Microsoft to cut jobs

Microsoft Corp. (NASDAQ:MSFT) is planning its biggest round of job cuts in five years, as the software maker looks to slim down and integrate Nokia Oyj’s handset unit, people with knowledge of the company’s plans said.

The reductions -- which may be unveiled as soon as this week -- will probably be in areas such as Nokia and divisions of Microsoft that overlap with that business, as well as marketing and engineering, said the people, who asked not to be identified because the plans aren’t public. The restructuring may end up being the biggest in Microsoft history, topping the 5,800 jobs cut in 2009, two of the people said. Some details are still being worked out, two of the people said.

The announcement would come one week after Chief Executive Officer Satya Nadella issued his first company mission statement, calling for greater emphasis on mobile devices, cloud-computing and productivity software. In the July 10 memo, which also called for Microsoft to become more focused and efficient, Nadella, who took over from Steve Ballmer in February, said he would provide more specifics on implementation later this month.

While Microsoft has undergone smaller, intermittent job cuts in individual businesses -- for example trimming a few hundred positions in advertising sales and marketing in 2012 and some marketing jobs across the company earlier that same year -- the company has only undertaken a companywide restructuring impacting thousands of workers once before, in 2009 at the start of the recession. Over the course of that year, the company cut 5,800 jobs, or about 5 percent of its workforce at the time.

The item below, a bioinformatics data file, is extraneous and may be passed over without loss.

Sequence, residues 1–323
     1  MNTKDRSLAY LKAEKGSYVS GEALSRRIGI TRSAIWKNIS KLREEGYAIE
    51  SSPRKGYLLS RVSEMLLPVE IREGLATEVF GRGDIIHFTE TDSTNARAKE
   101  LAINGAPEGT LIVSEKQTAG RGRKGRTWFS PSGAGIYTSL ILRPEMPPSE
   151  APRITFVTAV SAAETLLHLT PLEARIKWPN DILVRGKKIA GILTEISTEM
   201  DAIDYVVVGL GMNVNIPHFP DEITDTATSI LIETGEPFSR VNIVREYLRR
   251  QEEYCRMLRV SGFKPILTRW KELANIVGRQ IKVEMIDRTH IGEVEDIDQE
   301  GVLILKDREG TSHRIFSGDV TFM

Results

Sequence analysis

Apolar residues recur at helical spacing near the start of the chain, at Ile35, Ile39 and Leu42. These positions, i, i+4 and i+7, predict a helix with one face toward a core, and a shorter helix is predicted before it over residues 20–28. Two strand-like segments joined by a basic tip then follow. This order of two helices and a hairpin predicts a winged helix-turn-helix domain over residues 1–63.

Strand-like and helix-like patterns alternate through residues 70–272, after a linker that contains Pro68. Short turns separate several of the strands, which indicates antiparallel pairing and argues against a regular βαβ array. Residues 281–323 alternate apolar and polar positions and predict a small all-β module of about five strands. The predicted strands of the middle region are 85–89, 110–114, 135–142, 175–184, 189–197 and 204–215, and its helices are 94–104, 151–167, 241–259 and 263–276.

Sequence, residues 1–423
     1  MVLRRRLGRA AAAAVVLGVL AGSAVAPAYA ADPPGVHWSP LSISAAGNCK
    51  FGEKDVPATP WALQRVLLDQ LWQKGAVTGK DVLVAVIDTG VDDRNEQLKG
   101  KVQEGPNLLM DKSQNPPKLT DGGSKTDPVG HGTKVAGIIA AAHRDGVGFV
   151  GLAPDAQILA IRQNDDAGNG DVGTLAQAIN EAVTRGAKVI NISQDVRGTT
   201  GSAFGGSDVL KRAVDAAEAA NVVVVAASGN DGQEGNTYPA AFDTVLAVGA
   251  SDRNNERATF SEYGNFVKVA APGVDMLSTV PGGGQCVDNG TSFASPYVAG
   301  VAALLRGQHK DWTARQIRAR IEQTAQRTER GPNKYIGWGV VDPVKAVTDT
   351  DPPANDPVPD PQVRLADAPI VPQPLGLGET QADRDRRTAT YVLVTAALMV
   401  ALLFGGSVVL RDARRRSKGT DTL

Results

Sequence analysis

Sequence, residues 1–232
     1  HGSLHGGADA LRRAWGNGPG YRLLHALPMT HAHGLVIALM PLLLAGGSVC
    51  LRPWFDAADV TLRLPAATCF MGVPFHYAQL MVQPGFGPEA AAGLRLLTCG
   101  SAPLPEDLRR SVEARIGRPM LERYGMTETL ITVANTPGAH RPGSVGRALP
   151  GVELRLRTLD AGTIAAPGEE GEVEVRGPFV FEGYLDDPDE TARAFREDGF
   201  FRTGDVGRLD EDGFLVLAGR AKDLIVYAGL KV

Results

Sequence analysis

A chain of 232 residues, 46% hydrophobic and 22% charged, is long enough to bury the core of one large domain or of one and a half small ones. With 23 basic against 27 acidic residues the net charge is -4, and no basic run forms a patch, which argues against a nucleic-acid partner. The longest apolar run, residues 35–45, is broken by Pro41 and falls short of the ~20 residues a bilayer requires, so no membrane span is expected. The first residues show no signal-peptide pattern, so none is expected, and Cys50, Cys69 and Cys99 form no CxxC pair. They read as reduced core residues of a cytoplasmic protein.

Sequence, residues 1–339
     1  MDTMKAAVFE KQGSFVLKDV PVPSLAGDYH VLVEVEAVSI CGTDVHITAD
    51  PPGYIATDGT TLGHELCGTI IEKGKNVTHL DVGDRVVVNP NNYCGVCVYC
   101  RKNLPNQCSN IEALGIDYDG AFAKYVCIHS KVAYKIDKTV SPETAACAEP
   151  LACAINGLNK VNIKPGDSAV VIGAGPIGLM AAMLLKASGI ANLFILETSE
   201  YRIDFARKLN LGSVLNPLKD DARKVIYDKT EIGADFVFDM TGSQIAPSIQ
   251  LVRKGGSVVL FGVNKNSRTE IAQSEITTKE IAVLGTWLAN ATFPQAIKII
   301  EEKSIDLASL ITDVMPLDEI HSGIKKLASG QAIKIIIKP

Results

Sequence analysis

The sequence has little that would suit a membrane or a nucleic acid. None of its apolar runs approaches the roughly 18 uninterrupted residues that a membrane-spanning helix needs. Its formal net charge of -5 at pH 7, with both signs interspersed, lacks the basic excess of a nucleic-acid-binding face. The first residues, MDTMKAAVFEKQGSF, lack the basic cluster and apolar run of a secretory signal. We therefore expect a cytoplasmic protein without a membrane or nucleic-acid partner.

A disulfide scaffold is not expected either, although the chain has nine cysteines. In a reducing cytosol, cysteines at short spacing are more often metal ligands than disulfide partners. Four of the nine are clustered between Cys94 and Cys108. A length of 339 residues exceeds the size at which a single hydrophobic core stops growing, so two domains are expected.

Microsoft shares rose less than 1 percent to $42.37 at 9:35 a.m. in New York. The stock had climbed 13 percent so far this year through yesterday.

127,104 employees

Peter Wootton, a spokesman for Redmond, Washington-based Microsoft, declined to comment.

Some of the job cuts will be in marketing departments for businesses such as the global Xbox team, said the people. The European Xbox team is based in Reading, U.K.

The company had 127,104 employees as of June 5, after adding about 30,000 in its acquisition of Nokia’s handset unit.

When Microsoft agreed to acquire Nokia’s mobile-phone business in September, the software maker pledged $600 million in annual cost savings in the 18 months after the deal closes. Meeting that commitment will probably involve job cuts in areas where the two companies overlap, said the people. Other job cuts may result from changes Nadella is making to the engineering organization, people with knowledge of the matter said last week.

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